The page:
Not that those who can’t read these 2 languages are not capable of understanding antiquity. I’m not saying that. As for my experience I understood enough of the Russians just by reading their great novels in Italian.
However, it is undeniable, the feel of a folk a language can provide is not only part of the fun of any journey, whether in space or time. Such feel also transmits deep experiences that, in a world increasingly shallow, are precious currency beyond any doubt – or so it seems to me.
Big Poems. Two, Actually
Mario [*exasperated*]: “You wanna defeat Latin and Greek at your age and MAKE US ALL CRAZY??? You wanna do that??? Tell us WTH is your dirty little secret for miracles then.”
MoR: Oh, my dirty little secret. I have a couple. So do me the favour to listen to me:
I propose the construction of two long gradual poems, one in Latin and one in Greek.
How? Via the assemblage of wisely picked passages from the two respective literatures.
With bits of motivation (and dogged spirit) Latin and Greek will be leisurely, leniently, delicately (and deeply) SHOT into our blood, electrifying it wholly.
Extropian: “WOW! Electricity into BLOOD! How stupid of me not having thought of that.”
“Wow – I said – this woman knows how to reverberate esoteric emotions through words. I adore her and want to write poems too.”
Not that easy, I can’t. And not just in this hyperborean language, but in my own native bastard Latin neither.
Collage game.So I invented the ‘collage game’. I did a little experiment with Walt Whitman, one of my favourite poets.
Every game has its rules. Here were mine:
1) Collection of emotional verbal materials (CEVM). One randomly leafs through Walt Whitman’s (or any other poet’s) pages and when something strikes an emotional note one jots it down and continues until ‘emotional materials’ collected are enough to make her/him happy.
2) Assemblage of collected (emotional) materials (ACEM). After collecting it’s due time for assembling. Lines get broken down to attain rhythms following our whims plus we add editing. That all should suit our mood & taste is crucial since, if we comply to CEVM and ACEM, the final outcome will magicallyreflect our feelings and result in sincere poetry expressed with gorgeous words.
COOL isn’t it? Poetry made easy through plagiarism.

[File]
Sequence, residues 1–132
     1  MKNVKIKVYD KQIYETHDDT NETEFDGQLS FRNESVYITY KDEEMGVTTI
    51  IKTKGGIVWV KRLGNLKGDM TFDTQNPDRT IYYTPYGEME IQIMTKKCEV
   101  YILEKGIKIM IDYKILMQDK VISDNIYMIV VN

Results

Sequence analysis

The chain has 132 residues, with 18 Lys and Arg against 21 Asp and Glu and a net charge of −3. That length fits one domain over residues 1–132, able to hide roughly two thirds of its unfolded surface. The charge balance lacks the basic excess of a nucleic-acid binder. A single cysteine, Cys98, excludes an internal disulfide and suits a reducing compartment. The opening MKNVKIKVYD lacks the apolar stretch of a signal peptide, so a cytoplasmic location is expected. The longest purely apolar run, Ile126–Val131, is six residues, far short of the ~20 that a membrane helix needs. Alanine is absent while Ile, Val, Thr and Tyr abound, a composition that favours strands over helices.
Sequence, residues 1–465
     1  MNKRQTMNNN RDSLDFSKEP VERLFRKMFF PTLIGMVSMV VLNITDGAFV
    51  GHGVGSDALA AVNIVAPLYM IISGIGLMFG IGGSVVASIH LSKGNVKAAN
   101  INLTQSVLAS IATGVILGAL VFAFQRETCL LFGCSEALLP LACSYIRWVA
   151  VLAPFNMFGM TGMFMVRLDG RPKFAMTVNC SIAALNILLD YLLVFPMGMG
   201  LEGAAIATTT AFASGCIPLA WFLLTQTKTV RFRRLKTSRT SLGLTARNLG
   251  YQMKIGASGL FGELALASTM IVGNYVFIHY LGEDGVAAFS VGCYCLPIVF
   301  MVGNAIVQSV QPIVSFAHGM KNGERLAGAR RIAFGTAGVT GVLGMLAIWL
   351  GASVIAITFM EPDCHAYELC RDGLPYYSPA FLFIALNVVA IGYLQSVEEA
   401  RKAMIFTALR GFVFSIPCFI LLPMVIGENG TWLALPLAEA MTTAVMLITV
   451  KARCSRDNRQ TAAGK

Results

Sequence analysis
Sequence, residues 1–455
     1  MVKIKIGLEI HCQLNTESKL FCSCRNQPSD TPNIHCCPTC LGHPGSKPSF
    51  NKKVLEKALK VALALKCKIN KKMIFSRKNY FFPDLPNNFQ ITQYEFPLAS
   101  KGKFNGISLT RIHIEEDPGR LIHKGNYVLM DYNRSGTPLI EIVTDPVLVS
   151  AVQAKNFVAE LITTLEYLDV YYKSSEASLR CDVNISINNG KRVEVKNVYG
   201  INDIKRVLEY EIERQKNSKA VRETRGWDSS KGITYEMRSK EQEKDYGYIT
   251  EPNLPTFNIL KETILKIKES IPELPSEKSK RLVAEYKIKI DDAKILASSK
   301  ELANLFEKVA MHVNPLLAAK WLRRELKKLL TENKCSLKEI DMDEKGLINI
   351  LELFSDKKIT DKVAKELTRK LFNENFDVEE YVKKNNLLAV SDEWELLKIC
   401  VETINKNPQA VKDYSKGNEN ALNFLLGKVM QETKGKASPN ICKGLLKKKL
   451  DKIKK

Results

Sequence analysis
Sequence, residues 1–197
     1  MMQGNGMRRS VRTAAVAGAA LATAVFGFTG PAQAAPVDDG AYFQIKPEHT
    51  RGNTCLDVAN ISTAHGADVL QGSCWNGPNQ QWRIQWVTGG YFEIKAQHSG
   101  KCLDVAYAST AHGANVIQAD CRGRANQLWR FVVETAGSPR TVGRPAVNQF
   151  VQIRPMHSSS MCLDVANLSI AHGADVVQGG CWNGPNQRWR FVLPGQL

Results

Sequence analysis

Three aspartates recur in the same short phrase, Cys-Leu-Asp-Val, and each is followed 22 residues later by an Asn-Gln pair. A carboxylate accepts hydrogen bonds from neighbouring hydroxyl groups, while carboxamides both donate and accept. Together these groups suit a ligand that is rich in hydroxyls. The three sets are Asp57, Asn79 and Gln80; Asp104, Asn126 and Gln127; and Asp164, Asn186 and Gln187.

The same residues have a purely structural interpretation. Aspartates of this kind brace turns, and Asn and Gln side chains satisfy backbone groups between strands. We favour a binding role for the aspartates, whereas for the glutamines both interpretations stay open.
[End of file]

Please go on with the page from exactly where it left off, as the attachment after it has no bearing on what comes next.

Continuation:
Extropian: “You will be caught.”
Mario (the Neapolitan): “Caught? Everybody is stealin’ from everybody man. Go ahead!”
MoR: “Whitman is long buried and won’t protest but don’t want to wrong him. It was only an experiment, 80% Whitman, 20% me. Emotions? Fifty-fifty possibly. I had pig flu so I was down. Itinfluenced the tone making it all compliant with CEVM and ACEM btw.
BUT, the whole point is THE experiment, not the result (bad).”
Extropian: “Actually I don’t see the point of the experiment.”
MoR: “Me neither, would I be Man on Roma if I did? Now shut that helluva mouth up and listen to my canzone.”
I raise a voice to sing today
With foreign words
I would like to sing the amplest of poems
And to say of the moon that descends on the Capitol.
But I am no man, my strength is dried up.
“Lift up your head man.”
Oh my strength is dried up
And I am confounded,
My body in deep pain.
“Lift up your heart you man.”
Oh but I am a worm, no man, and
Who are you by the way
to talk to me like that?
[MoR gets upset a bit, but the voice fades away, never to be heard]
Whoever you are I will say:
He’s no man
Whose life was consumed
with chimeras and dreams
and with etc. etc. etc.
Two Gradual Ancient Poems Going Backwards
Leaving Whitman behind, our 2 poems will be assembled so as to be gradual in their difficulty, from the easiest to the hardest. We’ll go backwards in time, starting from late debased Latin & Greek [the Greek Septuagint and the Jerome’s Vulgate translations of the Bible] that are much closer to modern languages, hence a lot easier (baby’s talk often, compared to Plato or Cicero.) We’ll then gradually proceed towards the most pure and classical.
Mario: “A dantesque ascent from impurity to purity?”
MoR: “No, no, only in language, not content. How can the Bible be impure? Although from a strict linguistic viewpoint the progression from impurity to purity is undeniable.
Mario: “You wanna disrupt phrases and words as you did with Whitman?”
MoR: “No. Whitman was just an experiment. The 2 poems will be respectful of the originals. The collage will only imply a choice sequence of appropriate passages – we’ll see along the way.
Readers as well – it is important – will be asked to contribute with passages chosen by them.
We’ll build 2 long poems. It will be fun!”
Extropian: “And the grammar? Nobody learns a language by hurling headlong on texts without any formal preparation.“